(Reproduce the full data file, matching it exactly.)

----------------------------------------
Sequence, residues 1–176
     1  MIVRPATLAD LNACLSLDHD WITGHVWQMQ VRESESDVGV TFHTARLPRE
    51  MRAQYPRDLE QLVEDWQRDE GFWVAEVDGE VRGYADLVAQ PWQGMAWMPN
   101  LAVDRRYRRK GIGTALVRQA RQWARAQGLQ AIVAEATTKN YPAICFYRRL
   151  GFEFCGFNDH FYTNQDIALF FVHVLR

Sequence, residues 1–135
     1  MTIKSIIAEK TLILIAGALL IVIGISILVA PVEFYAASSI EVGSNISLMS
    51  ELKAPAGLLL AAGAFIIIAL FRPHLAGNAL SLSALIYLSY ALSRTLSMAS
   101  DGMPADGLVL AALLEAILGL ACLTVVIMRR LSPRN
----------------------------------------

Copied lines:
Sequence, residues 1–176
     1  MIVRPATLAD LNACLSLDHD WITGHVWQMQ VRESESDVGV TFHTARLPRE
    51  MRAQYPRDLE QLVEDWQRDE GFWVAEVDGE VRGYADLVAQ PWQGMAWMPN
   101  LAVDRRYRRK GIGTALVRQA RQWARAQGLQ AIVAEATTKN YPAICFYRRL
   151  GFEFCGFNDH FYTNQDIALF FVHVLR

Sequence, residues 1–135
     1  MTIKSIIAEK TLILIAGALL IVIGISILVA PVEFYAASSI EVGSNISLMS
    51  ELKAPAGLLL AAGAFIIIAL FRPHLAGNAL SLSALIYLSY ALSRTLSMAS
   101  DGMPADGLVL AALLEAILGL ACLTVVIMRR LSPRN